So, no a "+WHEN OTHERS+" exception is NOT a bug. It depends on WHAT requirement it addresses and WHICH problem it solves.

    Yes, most time when a developer writes a "+WHEN OTHERS+" exception it IS a bug. Because the developer does not understand the requirements, and does not know how to solve the problem, correctly.
  • 38. Re: WHEN  OTHERS is a bug
    BluShadow Guru Moderator
    Currently Being Moderated
    Rahul India wrote:
    So is TOM KYTE right? :b
    Yes, Tom is right.... but how people interpret what Tom has said may not be, for the same reason those same people think it's ok to use a WHEN OTHERS exception when clearly they shouldn't be.... they just don't understand the underlying reasons.
  • 39. Re: WHEN  OTHERS is a bug
    Rahul_India Journeyer
    Currently Being Moderated
    I think there is no one correct answer for this question
  • 40. Re: WHEN  OTHERS is a bug
    Dave Rabone Journeyer
    Currently Being Moderated
    Wrong!

    To quote Tom Kyte - the one correct answer is "it depends"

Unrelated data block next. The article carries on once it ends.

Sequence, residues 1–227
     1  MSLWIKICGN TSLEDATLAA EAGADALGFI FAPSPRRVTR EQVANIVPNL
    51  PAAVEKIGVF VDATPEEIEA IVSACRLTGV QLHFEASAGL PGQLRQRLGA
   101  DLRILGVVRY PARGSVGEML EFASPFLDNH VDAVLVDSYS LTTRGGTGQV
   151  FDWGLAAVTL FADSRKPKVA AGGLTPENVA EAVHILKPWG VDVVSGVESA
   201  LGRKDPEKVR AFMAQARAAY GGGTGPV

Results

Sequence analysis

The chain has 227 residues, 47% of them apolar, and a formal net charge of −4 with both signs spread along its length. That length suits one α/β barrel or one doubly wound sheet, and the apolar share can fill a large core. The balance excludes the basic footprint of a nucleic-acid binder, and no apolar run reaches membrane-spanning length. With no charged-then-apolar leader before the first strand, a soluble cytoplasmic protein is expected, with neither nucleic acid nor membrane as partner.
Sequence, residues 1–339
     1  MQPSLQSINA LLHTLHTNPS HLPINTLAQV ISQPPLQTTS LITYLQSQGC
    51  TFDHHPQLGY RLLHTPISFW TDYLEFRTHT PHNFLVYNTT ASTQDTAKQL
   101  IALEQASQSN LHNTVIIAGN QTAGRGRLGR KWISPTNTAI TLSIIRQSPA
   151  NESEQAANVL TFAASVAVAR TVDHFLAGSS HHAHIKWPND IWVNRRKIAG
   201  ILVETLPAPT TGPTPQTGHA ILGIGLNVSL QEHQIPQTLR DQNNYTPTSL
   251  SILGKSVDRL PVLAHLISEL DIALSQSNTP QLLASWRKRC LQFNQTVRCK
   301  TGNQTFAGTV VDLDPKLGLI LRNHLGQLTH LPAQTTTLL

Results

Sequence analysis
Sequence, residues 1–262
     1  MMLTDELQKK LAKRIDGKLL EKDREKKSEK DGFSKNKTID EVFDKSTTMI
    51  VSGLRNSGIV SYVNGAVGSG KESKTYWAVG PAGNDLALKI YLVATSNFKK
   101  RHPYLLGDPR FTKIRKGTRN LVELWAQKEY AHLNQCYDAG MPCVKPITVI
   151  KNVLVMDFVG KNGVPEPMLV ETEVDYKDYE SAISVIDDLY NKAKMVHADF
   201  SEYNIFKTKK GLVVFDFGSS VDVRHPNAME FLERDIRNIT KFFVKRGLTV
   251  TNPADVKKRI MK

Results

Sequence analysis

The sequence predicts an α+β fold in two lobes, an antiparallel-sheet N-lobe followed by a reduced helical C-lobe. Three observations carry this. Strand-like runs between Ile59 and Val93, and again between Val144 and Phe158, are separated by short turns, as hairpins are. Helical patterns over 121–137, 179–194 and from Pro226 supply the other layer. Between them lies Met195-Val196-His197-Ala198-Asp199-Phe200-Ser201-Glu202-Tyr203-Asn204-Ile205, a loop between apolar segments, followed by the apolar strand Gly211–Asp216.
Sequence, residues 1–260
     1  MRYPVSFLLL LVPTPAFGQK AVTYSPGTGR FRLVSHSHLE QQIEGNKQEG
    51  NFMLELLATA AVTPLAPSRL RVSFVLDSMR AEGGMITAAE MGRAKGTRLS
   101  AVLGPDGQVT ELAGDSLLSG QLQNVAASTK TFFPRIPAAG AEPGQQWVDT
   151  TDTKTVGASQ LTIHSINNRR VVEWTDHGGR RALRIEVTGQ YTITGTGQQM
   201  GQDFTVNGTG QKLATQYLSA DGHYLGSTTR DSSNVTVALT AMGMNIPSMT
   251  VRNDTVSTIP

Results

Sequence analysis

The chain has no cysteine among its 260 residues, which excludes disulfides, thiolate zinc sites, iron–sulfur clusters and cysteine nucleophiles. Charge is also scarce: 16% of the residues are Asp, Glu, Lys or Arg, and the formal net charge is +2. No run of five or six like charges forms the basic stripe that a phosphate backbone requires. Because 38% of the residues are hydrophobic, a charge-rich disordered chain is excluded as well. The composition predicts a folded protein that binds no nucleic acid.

• 41. Re: WHEN  OTHERS is a bug
    Rahul_India Journeyer
    Currently Being Moderated
    Dave Rabone wrote:
    Wrong!

    To quote Tom Kyte - the one correct answer is "it depends"
    That what i am asking on what to depend
  • 42. Re: WHEN  OTHERS is a bug
    BluShadow Guru Moderator
    Currently Being Moderated
    It depends if the developer is using it for valid and justifiable reasons... which in most cases we see on these forums, people are not.
  • 43. Re: WHEN  OTHERS is a bug
    Rahul_India Journeyer
    Currently Being Moderated
    BluShadow wrote:
    It depends if the developer is using it for valid and justifiable reasons... which in most cases we see on these forums, people are not.
    I think this is the most debatable topic in oracle pl/sql.
  • 44. Re: WHEN  OTHERS is a bug
    BluShadow Guru Moderator
    Currently Being Moderated
    Rahul India wrote:
    BluShadow wrote:
    It depends if the developer is using it for valid and justifiable reasons... which in most cases we see on these forums, people are not.
    I think this is the most debatable topic in oracle pl/sql.
    I don't. There's nothing to debate. WHEN OTHERS is a bug (from the application developers point of view, not a bug in Oracle) unless it's correctly understood and used with a RAISE for a justifiable reason (of which most developers who tend to use it can't justify it, hence they are writing code with a bug).

    There's nothing more to it than that.